[Bioclusters] Is the "OR" job dependency useful??

Tim Cutts tjrc at sanger.ac.uk
Fri Jan 7 17:59:39 EST 2005

On 7 Jan 2005, at 10:33 pm, Malay wrote:

> Thanks Tim for your details reply. But I am still not sure whether it 
> is the right path to go. Here is my reply.
> Tim Cutts wrote:
>> On 7 Jan 2005, at 6:46 pm, Malay wrote:
>>> A pipeline of any kind by nature depends on previous process.
>>> A -> B -> C
>> It's not necessarily as linear as that.  You can sometimes have 
>> parallel tasks.  Ascii art will probably defeat me here, but 
>> consider:
>>   B-C
>>  /   \
>> A     F-G
>>  \   /
>>   D-E
>> Things like this are not uncommon.
> In no batch queuing system a circular relationship can be established. 
> You need to decompose this circular relation into linear one to submit 
> to job queu.

Told you ascii art would defeat me - all those arrows were supposed to 
be read from left to right.

>> Yes, but that means every time someone has to write a pipeline they 
>> have to write stuff to manage their own dependencies, whereas if the 
>> scheduler can do it, the pipeline code the user has to write is much 
>> simpler.
> Here I disagree. I'll give you an example. As you are talking for LSF, 
> I can tell you my own experience. If one of the LSF nodes has NFS 
> problem then LSF job never returns. The job just stays there forever 
> unless it's killed manually. If you don't code for timeout values 
> there is no way you can relaunch the job. But doing it is far more 
> easier  to check for timeout and killing and respawing it again, using 
> a simple script. Any dependency rule that you mentioned will make the 
> whole pipleline stuck. Atleast LSF is not as intelligent as user 
> coding can be. It's about fine grain control.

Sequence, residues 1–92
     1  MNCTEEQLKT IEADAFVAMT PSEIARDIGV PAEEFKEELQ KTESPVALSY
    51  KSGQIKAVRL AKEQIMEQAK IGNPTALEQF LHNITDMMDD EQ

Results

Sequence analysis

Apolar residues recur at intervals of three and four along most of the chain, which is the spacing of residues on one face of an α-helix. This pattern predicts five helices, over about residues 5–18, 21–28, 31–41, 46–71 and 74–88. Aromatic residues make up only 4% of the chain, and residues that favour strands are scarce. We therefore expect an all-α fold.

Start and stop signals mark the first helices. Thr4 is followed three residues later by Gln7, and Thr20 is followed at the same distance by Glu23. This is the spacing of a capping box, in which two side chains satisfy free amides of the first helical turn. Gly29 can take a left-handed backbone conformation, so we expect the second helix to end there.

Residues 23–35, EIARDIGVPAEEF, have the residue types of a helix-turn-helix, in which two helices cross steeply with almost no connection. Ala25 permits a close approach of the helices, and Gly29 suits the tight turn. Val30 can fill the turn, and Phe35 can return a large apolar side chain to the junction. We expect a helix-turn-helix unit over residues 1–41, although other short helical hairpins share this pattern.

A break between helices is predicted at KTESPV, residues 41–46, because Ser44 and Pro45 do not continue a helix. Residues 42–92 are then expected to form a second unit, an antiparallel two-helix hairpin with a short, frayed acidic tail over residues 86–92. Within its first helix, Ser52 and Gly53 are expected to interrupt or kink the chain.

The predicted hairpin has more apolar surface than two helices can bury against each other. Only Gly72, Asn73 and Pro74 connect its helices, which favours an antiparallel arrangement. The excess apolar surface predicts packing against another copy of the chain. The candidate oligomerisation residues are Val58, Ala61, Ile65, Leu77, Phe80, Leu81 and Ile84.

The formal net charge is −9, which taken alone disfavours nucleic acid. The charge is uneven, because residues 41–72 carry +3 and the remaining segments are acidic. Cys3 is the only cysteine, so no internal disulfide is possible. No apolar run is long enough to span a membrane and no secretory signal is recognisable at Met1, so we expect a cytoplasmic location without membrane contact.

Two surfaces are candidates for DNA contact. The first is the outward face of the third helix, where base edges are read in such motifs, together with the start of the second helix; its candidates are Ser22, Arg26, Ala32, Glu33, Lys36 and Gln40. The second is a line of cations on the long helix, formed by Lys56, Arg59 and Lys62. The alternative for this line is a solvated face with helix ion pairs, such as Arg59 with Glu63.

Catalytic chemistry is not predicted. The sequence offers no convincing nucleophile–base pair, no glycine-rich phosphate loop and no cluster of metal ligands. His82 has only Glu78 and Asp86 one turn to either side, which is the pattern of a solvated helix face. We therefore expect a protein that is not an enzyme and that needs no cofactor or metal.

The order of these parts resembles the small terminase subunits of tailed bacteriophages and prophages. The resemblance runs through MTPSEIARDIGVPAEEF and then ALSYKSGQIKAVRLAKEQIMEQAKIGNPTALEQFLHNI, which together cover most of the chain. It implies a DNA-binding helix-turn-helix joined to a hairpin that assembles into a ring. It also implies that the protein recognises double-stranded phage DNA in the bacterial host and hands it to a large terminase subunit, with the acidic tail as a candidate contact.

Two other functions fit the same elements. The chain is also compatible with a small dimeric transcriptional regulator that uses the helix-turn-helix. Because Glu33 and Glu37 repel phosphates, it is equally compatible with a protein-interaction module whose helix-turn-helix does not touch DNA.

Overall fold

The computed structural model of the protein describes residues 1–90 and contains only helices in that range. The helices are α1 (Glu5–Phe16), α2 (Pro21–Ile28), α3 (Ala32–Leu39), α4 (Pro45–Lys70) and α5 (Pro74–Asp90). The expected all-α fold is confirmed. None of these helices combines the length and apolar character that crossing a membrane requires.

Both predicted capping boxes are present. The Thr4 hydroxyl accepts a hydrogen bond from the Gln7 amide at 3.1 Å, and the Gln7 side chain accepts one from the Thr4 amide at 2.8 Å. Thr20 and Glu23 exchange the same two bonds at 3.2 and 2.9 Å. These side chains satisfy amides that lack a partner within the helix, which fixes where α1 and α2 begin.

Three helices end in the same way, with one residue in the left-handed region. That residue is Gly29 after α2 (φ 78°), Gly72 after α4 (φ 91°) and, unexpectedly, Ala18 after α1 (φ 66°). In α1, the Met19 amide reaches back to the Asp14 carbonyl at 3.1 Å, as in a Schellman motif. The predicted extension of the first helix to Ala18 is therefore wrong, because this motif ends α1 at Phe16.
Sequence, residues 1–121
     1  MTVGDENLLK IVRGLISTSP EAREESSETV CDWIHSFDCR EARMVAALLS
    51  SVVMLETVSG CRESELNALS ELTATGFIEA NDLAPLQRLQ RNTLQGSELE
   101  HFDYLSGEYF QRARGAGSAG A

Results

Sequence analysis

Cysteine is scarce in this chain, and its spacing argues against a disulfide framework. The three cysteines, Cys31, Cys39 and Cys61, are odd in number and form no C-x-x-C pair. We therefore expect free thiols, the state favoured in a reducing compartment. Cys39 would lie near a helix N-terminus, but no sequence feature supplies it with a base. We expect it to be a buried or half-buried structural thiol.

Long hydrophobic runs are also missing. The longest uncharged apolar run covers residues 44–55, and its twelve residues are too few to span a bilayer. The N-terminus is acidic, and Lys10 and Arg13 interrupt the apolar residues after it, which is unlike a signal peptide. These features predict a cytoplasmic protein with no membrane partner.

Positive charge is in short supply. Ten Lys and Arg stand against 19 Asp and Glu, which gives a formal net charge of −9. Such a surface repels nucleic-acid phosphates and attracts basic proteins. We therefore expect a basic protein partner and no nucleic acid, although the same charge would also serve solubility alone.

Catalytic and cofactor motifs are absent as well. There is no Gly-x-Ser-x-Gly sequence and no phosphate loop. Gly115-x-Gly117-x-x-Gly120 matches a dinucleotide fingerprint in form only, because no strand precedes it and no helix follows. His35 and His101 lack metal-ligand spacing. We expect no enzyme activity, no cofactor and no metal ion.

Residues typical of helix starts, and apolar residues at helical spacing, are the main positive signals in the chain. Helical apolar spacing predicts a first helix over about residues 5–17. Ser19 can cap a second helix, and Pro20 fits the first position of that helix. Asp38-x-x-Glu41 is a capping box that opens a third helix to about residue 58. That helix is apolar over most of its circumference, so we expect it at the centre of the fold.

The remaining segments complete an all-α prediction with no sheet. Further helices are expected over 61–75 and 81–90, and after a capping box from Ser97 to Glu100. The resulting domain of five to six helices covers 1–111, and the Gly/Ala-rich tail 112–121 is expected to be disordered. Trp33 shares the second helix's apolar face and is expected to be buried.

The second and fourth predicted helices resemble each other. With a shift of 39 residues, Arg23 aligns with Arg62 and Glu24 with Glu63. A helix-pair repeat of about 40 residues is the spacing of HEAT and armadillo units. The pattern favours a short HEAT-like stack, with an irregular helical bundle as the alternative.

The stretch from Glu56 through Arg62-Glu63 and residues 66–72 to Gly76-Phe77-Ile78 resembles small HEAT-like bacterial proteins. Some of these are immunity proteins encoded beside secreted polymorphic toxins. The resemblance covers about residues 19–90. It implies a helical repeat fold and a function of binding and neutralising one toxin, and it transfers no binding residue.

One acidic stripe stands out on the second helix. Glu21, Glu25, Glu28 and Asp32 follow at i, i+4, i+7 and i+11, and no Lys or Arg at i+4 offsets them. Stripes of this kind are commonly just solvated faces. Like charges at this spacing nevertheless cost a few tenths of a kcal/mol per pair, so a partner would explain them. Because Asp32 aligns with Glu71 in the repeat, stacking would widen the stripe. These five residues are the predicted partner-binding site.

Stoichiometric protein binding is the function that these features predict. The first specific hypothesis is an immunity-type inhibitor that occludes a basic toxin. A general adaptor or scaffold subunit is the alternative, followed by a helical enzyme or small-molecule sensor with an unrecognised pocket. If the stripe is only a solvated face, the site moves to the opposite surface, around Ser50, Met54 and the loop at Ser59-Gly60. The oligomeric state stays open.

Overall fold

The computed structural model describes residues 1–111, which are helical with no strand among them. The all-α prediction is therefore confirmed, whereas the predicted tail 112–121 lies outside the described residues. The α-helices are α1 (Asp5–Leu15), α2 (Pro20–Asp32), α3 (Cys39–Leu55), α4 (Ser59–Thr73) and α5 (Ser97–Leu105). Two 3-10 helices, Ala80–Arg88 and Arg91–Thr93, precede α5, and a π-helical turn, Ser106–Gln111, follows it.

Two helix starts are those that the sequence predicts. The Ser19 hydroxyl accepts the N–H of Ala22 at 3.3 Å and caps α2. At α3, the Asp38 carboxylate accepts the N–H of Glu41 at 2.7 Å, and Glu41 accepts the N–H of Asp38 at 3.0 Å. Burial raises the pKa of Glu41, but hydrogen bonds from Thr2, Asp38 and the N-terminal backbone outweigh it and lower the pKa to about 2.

That's true.  But there are cases where neither level will work.  Lets 
say that node drops off the network for some reason.  The job might 
still be running, successfully, or might at least just be blocked until 
the network comes back.

In that case, LSF will mark the job as UNKWN, and neither LSF nor your 
script can do anything about it until the node comes back.  You have no 
way of knowing whether the job is still running OK, and you can't kill 
and restart it. (well, you can use bkill -r, but that's risky - if the 
job is still running correctly, but you've re-run the job somewhere 
else you might end up with duplicated results)

>> Ensembl only has its own rule manager because it is designed to be 
>> independent of the batch queueing system in use.
> In other words making the user's life easy.

Yes, but the flip side is the rule manager has to make repeated polling 
requests to the scheduling system.  This can impose so much load, 
especially if several pipelines are being run by a few users, that the 
mbatchd starts to suffer.

> The nature of makeshift clusters are such that they are not highly 
> dependable still. There are zillions of problem. As the whole system 
> is not dependable, having coarse grain control of the system using a 
> higher-level software is my opinion is building a could castle. May be 
> one day the system will be dependable enough to use such high level 
> logic. For the time being I am sticking to my script.

I think you're probably right - I wouldn't depend on LSF altogether.  
But our cluster isn't that makeshift; it's made from dedicated 
machines, most of which are actually pretty reliable, especially the 
newer Xeon blades.


Dr Tim Cutts
Informatics Systems Group, Wellcome Trust Sanger Institute
GPG: 1024D/E3134233 FE3D 6C73 BBD6 726A A3F5  860B 3CDD 3F56 E313 4233

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